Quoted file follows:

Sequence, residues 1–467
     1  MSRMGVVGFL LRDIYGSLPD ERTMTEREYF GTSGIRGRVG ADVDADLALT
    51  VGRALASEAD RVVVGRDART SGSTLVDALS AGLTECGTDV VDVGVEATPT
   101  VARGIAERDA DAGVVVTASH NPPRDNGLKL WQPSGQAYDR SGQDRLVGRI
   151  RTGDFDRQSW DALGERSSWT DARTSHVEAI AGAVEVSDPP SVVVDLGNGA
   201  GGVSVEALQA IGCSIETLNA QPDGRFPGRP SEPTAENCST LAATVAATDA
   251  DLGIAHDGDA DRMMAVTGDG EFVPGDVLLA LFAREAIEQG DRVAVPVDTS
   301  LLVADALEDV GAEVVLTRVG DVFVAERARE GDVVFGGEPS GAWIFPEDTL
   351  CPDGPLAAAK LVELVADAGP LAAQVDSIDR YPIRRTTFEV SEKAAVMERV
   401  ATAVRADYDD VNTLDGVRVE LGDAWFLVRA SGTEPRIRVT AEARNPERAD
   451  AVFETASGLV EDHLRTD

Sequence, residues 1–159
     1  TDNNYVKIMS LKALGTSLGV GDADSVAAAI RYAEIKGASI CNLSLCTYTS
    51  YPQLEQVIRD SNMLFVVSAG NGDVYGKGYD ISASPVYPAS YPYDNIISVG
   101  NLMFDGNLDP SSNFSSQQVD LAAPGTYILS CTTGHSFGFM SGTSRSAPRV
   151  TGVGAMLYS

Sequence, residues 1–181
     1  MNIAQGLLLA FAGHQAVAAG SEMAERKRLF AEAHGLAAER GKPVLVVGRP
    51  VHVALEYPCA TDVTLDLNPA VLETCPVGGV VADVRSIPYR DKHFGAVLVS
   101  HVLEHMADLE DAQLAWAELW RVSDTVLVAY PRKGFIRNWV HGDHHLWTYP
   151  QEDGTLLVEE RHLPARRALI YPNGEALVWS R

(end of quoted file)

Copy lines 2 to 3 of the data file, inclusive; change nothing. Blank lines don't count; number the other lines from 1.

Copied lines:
     1  MSRMGVVGFL LRDIYGSLPD ERTMTEREYF GTSGIRGRVG ADVDADLALT
    51  VGRALASEAD RVVVGRDART SGSTLVDALS AGLTECGTDV VDVGVEATPT